19. 19. Expert systems -  a big thing in AI in the 1980s -  basic idea pretty straightforward: -  you take an expert in some domain (e.g. some area of law) -  make them turn their domain expertise into computable rules -  add a reasoning engine -  and voilá, you have a computer giving expert advice or making expert decisions
  20. 20. Example: British Nationality Act 1-[1] A person born in the United Kingdom after commencement shall be a British Citizen, if a t the time of birth his father or mother is: a) a British Citizen, or b) settled in the United Kingdom Represented as Rule 1: X acquires British citizenship on date Y IF X was born in the UK AND X was born on date Y AND X is after or on commencement of the act AND X has a parent who qualifies under 1.1 on date Rule 2: X has a parent who qualifies under 1.1 on date Y IF X has a parent Z AND Z was a British citizen on date Y Rule 3: X has a parent who qualifies under 1.1 on date Y IF X has a parent Z AND Z was settled in the UK on date Y
  21. 21. Expert systems work (sort of) -  if the legal rules are straightforward enough: -  no ambiguity or vagueness regarding the inputs -  clarity about which rule applies in each situation -  even in the best case, formalization of rules is far from trivial (knowledge-acquisition bottleneck) -  also requires expertise on what to model and what to leave out (and how to make sure the system isn’t used beyond its design limits) -  how much of the expertise really lies in the system and how much in the user? -  in a sense, expert systems are doing just fine, it’s mainly the term that’s fallen into disuse...
  22. 22. Case-based reasoning -  one possible approach: analyze legal cases in terms of factors (very common in US doctrine) -  use factors to find best match for case at hand -  map factors into a network to find
  23. 23. Soft computing: Fuzzy logic and neutral networks -  both highly fashionable in AI in the 1980s -  also some experiments within legal AI in the early 1990s -  fuzzy logic was also popular among legal theorists (mostly on a metaphorical level) since Reisinger 1972 ‘We suggest that fuzzy logic is no more than (over)sophistication of the approximation approach, that it may give good results in some very special applications, but its philosophical basis is uncertain generally and very uncertain when applied to open- textured legal concepts. Both the appearance of precision and the appearance of generality are spurious.’ (Bench-Capon and Sergot 1985/1988)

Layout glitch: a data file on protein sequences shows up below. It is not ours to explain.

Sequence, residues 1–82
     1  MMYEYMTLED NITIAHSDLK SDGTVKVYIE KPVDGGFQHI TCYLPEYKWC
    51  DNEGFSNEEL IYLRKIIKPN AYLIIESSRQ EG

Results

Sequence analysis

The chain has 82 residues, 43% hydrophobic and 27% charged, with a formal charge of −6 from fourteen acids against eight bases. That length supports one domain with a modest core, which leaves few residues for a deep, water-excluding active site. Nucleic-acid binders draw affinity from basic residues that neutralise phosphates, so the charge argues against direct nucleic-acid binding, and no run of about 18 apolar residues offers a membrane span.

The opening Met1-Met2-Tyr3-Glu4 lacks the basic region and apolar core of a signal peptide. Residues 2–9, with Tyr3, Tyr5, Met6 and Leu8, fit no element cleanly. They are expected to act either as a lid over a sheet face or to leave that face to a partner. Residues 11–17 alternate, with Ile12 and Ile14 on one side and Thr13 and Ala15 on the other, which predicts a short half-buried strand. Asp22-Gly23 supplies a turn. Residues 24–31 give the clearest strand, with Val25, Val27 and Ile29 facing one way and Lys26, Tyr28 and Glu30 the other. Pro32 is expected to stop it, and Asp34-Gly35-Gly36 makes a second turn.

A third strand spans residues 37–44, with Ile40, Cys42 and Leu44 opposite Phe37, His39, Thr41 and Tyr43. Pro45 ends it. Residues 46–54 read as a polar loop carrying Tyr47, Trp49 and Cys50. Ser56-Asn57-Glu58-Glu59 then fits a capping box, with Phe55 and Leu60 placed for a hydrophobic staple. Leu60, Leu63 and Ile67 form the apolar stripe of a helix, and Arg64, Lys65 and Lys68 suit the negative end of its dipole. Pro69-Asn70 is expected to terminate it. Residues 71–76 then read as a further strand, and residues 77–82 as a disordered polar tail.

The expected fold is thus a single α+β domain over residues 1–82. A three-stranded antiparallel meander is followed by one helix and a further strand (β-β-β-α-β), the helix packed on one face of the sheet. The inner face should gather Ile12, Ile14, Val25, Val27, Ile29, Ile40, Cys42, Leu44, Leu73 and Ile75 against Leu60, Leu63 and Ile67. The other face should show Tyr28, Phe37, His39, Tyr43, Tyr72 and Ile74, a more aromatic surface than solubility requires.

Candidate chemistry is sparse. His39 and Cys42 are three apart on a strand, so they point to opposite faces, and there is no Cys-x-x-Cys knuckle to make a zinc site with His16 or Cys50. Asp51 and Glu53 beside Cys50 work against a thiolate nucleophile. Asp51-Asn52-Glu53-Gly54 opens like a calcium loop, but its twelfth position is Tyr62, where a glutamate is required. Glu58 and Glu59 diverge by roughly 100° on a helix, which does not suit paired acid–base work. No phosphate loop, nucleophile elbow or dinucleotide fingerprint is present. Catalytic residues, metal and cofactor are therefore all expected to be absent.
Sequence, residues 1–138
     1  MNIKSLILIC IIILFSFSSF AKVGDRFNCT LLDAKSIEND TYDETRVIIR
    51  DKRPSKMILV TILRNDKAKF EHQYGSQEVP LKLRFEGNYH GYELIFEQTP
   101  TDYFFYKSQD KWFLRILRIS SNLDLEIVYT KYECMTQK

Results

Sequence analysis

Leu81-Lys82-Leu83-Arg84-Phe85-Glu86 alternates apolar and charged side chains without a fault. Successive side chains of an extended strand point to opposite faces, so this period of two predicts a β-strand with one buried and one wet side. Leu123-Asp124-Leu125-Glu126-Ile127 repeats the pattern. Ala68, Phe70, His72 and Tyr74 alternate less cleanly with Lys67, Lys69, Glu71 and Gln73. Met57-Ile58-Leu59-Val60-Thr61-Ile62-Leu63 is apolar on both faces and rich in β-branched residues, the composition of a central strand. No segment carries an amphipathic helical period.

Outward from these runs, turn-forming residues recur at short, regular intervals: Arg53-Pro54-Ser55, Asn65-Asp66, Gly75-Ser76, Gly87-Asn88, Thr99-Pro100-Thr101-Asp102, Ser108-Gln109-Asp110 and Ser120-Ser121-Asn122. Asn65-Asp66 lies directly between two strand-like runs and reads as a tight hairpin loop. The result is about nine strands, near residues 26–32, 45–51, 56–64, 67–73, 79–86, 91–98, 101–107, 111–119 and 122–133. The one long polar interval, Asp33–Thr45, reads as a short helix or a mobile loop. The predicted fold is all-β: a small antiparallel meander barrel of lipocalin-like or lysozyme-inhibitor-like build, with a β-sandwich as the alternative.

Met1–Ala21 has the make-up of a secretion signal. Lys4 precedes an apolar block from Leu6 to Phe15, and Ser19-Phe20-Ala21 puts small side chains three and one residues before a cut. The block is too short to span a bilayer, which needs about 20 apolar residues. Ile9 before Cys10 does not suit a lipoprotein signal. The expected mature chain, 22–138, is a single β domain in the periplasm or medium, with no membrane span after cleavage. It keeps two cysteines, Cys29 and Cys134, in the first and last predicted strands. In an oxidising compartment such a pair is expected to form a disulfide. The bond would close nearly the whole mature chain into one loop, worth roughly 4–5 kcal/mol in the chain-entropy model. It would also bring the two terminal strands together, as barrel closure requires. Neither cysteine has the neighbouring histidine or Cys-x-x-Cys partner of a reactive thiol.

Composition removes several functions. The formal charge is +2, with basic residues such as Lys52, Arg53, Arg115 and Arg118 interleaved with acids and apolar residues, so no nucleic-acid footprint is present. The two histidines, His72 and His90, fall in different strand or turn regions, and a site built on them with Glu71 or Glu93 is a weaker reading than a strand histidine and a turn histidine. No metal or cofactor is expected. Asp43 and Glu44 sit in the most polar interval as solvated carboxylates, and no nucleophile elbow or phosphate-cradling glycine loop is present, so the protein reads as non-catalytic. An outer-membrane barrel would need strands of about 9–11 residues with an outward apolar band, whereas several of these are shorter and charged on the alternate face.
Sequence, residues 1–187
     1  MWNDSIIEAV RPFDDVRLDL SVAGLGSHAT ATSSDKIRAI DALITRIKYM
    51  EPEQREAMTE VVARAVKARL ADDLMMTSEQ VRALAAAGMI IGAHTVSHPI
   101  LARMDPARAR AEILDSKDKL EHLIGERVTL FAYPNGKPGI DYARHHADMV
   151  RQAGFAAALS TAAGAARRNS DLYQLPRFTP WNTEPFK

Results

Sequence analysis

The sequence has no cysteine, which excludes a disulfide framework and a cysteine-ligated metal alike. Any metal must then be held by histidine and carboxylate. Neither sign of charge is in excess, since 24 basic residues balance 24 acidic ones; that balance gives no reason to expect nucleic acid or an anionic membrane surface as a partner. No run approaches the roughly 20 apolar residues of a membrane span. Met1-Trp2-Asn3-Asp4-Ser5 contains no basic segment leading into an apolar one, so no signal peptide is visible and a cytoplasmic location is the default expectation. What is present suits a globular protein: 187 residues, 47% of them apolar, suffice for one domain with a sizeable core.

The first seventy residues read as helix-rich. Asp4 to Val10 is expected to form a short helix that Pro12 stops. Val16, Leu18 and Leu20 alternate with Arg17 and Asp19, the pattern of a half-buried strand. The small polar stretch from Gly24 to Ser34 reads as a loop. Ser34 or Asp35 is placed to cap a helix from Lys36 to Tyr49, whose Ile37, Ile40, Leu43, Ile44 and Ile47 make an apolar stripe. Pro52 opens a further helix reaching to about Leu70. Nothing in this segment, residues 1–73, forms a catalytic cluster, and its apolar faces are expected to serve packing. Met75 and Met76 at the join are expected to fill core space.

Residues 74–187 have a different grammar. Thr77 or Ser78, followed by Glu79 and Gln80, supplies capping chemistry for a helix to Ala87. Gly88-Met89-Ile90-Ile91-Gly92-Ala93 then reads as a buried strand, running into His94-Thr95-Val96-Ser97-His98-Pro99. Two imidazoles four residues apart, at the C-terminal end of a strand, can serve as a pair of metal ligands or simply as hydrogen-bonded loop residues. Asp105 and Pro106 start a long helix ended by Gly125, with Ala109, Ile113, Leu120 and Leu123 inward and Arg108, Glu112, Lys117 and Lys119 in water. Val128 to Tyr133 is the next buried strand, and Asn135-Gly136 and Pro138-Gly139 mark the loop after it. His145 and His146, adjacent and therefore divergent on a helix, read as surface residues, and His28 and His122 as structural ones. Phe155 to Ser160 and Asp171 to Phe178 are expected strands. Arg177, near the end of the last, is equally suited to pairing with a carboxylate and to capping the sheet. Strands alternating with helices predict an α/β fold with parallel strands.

24. 24. Your basic neural network
  25. 25. Ontologies -  the philosophical meaning of ontology: the study of the nature of being (what is and isn’t) -  in computer science: a way of formalizing entities in an universe of discourse (concepts and their relationships etc.) -  the Semantic Web (Berners-Lee et al 2001) -  Cyc 1984– (OpenCyc 2002–) -  WordNet 1985–
  26. 26. Ontologies contain (in very general terms) -  individual entities -  classes of entities -  attributes for entities -  relations between entities -  function terms -  restrictions -  rules -  axioms -  events (changes to entities)
  27. 27. Ontologies in law -  Valente’s functional ontology (1995): -  norms (normative knowledge) -  things, events, etc. (world knowledge) -  obligations (responsibility knowledge) -  legal remedies (reactive knowledge: penalties, compensation) -  rules of legal reasoning (meta-legal knowledge, e.g. lex specialis) -  legal powers (creative knowledge) -  (and several others)
  28. 28. Segment from the E-Courts ontology (Breuker et al 2002)
  29. 29. E-courts top-level ontology (Breuker et al 2002)
  30. 30. Use of ontologies -  always exist in a specific context, built for that (no Begriffshimmel and no point in aiming for one) -  can be generated by hand or by machine -  two very different ontologies can work just as well (no Right Answer!) -  very useful for information retrieval (find similar things that are called something else) -  can also be used e.g. for similarity metrics -  categorization hierarchy also interesting from a cognitive perspective (basic-level concepts etc.)
  31. 31. Argumentation: Wigmore (1905)
  32. 32. Argumentation frameworks (Dung 1995) -  a set of arguments, and attack relations between pairs of arguments (A attacks B) -  general semantics for argument trees -  plus specific rules for finding which attack relation dominates (in case of conflict)
  33. 33. Pros and cons -  argument maps can illustrate how things are made (and sometimes also show that some valid arguments are actually always ignored) -  easier as a theoretical than a practical exercise -  a lot easier when you already have a decision and have to find a matching argument scheme
  34. 34. Questions? All images PD or CC-BY-2.0 Wikipedia unless otherwise indicated, see the obvious Wikipedia pages for details